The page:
A couple of weeks ago, Dr. Rob Zatechka, the former Academic All-America offensive lineman, used his “Doc Talk” podcast to question whether Riley-Langsdorf combination is more committed to winning games or to simply executing their balanced offense. It’s a serious charge. I’d like to accuse Zatechka of over-reaching, but I’m afraid he has a good point.

The Northwestern loss was more evidence for the old adage that a rushing yard is worth much more than a passing yard. It does something dangerous to the psyche of a football team when its offensive line spends more time backpedaling than it does charging ahead.

I’m aware that the Huskers dropped nine passes Saturday. Proponents of the balanced attack would argue that if only those passes had not been dropped, the Huskers would have developed better rhythm and would have scored more points. That’s certainly a possibility. But here’s my view – this is the best bunch of receivers Nebraska has had in almost a decade, and they’re still dropping passes at an alarming rate. A run-heavy team is more dependable than a pass-heavy team, period – especially on the Plains, where uncertain weather is a certainty in October and November. So yes, I’m arguing for a significantly heavier ratio of run to pass. The balanced attack is not working well.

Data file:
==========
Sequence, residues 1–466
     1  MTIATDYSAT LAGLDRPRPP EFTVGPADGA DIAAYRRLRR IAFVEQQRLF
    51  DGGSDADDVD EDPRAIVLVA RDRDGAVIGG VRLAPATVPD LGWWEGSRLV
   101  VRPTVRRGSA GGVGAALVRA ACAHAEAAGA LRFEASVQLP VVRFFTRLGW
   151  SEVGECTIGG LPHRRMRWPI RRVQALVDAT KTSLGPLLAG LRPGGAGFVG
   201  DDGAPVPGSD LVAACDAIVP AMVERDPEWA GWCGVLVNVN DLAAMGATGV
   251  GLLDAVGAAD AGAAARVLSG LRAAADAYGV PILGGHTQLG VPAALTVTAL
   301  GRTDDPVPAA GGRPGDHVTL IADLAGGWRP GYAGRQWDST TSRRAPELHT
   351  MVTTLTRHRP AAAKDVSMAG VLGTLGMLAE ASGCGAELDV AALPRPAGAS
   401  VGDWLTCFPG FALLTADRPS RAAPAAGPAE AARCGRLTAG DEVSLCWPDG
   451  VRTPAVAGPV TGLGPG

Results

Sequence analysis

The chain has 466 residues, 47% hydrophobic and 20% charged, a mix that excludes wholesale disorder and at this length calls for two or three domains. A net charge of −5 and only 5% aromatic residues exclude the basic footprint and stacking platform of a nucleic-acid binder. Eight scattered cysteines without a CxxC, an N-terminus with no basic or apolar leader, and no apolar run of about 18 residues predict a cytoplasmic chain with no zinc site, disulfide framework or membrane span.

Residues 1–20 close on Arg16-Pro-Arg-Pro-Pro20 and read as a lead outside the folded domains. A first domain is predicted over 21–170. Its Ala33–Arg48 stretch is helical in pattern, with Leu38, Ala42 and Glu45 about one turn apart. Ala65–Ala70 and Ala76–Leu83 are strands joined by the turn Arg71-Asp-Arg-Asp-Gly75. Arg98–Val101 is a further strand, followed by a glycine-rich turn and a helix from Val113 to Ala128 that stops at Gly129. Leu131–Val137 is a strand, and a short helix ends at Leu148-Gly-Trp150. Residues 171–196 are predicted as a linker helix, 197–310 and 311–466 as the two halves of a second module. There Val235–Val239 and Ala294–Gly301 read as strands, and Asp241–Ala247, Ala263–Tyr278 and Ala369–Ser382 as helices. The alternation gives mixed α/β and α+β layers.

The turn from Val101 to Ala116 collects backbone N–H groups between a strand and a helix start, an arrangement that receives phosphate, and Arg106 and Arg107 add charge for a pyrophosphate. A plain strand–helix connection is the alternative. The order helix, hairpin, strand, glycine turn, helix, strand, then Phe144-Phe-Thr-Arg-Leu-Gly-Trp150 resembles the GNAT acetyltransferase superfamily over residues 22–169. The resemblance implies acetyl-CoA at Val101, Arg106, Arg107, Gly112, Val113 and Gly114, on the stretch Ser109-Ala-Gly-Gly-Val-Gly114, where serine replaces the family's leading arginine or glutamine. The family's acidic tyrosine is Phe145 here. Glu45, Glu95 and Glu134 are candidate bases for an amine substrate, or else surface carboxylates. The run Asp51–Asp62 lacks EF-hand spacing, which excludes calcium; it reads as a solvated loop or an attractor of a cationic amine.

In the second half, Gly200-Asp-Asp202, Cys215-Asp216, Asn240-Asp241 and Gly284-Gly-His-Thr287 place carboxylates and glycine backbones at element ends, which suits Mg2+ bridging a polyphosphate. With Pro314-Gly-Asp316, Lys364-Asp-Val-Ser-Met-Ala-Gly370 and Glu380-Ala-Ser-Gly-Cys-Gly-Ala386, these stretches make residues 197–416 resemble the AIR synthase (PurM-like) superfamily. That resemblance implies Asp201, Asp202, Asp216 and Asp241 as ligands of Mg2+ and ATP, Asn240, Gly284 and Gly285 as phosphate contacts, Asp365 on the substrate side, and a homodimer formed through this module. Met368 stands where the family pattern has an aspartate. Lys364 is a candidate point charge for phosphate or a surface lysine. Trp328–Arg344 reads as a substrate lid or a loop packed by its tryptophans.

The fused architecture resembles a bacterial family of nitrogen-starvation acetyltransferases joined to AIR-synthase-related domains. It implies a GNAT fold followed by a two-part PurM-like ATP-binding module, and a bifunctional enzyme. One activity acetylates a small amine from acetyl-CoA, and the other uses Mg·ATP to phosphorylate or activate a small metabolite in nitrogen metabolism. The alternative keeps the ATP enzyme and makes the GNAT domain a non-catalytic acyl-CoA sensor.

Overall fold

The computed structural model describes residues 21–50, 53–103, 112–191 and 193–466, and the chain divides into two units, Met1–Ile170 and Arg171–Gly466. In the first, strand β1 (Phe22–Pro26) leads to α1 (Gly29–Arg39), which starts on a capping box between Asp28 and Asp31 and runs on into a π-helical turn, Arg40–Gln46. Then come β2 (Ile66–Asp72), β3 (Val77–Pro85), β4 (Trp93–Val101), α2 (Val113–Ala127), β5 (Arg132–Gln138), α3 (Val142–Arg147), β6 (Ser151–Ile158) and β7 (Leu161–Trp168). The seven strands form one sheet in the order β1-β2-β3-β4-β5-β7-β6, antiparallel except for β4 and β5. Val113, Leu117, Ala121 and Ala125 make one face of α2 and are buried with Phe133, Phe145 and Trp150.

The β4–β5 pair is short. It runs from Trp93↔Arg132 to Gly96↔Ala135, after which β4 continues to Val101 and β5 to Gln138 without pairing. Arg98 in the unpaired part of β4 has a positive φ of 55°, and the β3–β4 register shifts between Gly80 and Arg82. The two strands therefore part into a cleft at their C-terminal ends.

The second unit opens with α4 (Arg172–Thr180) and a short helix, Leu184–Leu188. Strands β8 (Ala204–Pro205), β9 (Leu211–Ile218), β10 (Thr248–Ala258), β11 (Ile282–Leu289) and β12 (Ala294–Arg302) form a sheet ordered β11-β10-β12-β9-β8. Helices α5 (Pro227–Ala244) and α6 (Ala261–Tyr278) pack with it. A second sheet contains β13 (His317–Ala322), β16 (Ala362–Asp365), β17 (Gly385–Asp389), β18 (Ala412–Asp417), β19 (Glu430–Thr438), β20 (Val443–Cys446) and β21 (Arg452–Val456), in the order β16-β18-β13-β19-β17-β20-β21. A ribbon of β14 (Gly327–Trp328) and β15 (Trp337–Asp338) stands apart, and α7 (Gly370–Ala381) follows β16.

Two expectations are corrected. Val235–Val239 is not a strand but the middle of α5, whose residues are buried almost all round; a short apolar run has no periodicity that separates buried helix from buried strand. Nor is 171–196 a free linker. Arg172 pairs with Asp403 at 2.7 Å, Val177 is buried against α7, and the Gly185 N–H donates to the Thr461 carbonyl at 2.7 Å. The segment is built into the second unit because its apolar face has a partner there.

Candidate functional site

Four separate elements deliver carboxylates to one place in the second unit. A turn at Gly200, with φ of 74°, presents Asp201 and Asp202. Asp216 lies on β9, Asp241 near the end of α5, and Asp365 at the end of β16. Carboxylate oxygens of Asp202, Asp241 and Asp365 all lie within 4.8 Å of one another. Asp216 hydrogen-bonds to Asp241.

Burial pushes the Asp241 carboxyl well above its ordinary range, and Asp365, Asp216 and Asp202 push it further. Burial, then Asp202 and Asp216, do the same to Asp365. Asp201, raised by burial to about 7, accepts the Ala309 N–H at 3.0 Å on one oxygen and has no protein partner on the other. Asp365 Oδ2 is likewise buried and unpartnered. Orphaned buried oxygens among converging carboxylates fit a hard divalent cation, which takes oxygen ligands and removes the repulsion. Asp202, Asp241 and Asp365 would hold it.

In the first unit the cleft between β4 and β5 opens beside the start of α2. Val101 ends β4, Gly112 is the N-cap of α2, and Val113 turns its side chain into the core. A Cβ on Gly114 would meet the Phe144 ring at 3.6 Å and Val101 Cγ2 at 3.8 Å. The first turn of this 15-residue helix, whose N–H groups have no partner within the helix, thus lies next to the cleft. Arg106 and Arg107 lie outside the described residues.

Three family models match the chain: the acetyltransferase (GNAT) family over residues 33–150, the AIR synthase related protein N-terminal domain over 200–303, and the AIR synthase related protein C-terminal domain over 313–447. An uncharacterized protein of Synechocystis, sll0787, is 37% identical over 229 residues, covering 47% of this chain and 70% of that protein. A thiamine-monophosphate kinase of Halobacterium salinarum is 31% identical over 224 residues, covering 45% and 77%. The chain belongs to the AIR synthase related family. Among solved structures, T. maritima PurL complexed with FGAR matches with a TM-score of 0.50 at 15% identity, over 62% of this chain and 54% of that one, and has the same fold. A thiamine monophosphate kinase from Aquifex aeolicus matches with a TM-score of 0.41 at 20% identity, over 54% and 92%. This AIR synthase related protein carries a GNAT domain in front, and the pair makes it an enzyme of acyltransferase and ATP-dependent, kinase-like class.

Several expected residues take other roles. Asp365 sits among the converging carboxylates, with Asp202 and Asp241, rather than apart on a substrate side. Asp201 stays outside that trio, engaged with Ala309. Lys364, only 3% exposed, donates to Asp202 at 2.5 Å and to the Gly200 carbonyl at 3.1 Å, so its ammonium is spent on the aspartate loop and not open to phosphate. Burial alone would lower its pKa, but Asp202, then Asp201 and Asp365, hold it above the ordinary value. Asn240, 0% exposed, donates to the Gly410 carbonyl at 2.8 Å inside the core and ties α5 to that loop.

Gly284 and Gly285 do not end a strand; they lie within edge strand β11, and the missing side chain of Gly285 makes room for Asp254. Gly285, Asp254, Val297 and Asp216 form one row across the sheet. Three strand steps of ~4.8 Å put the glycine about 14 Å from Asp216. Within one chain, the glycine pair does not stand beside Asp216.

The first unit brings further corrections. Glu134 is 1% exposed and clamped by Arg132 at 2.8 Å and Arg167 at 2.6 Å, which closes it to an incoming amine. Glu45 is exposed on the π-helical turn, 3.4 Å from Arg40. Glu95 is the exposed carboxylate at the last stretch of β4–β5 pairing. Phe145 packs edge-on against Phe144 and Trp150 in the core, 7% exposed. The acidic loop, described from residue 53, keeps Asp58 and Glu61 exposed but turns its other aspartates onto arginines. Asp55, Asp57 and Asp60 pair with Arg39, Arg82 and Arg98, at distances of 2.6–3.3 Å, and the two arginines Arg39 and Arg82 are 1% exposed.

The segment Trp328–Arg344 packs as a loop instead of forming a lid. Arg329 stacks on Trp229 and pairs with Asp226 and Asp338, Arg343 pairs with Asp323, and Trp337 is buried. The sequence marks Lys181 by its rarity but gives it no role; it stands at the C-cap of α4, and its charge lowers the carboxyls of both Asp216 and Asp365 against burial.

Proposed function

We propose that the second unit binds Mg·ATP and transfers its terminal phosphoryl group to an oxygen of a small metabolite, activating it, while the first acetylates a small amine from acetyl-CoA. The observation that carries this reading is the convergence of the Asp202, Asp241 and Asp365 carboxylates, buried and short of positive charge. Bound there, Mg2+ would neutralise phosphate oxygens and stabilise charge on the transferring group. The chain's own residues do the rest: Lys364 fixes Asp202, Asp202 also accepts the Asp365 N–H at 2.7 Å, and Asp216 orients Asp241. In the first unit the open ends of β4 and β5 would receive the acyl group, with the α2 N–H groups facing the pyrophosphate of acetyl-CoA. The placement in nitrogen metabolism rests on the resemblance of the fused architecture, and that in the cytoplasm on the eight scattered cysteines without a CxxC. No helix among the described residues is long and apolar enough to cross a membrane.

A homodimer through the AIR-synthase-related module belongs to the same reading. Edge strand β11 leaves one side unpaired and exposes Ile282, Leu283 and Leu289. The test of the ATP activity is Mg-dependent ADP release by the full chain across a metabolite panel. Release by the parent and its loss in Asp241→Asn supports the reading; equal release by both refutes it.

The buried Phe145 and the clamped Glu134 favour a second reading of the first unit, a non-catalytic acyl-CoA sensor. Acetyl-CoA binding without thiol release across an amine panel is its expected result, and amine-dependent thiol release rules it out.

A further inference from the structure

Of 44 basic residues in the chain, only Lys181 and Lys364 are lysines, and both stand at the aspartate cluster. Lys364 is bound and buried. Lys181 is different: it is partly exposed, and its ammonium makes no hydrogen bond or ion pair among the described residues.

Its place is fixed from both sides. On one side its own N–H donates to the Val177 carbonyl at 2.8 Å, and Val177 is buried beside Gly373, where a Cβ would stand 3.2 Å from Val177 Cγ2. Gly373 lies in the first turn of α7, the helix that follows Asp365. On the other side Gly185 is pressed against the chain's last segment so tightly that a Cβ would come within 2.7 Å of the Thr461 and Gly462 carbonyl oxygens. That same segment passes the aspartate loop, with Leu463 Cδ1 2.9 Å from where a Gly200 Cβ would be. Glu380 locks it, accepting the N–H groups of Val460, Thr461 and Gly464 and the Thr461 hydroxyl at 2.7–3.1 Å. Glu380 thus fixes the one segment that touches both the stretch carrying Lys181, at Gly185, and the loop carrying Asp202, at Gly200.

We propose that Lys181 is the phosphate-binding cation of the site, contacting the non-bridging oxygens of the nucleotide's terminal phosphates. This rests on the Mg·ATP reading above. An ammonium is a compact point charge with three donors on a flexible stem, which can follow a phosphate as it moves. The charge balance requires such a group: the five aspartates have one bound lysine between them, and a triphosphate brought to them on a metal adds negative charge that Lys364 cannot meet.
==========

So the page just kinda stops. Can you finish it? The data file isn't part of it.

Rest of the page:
Nebraska’s play selection against Northwestern – 38 runs, 48 passes – screams “trouble,” even on a mild, sunny day where the wind was not a real factor.


Northwestern played good defense and deserved to win this game. In fact, the Huskers are lucky the margin of victory was not more. If the Cornhuskers had any momentum after a 23-point win at Minnesota, it evaporated quickly. Funny how rushing for only 82 yards tends to suck the momentum right out of a program.

O-line coach Mike Cavanaugh has opted to keep the same five linemen on the field almost the entire season. The exception is freshman right tackle Nick Gates, the most talented of all the NU linemen, who unfortunately has missed the last few games with an ankle injury. It will be good to see him return.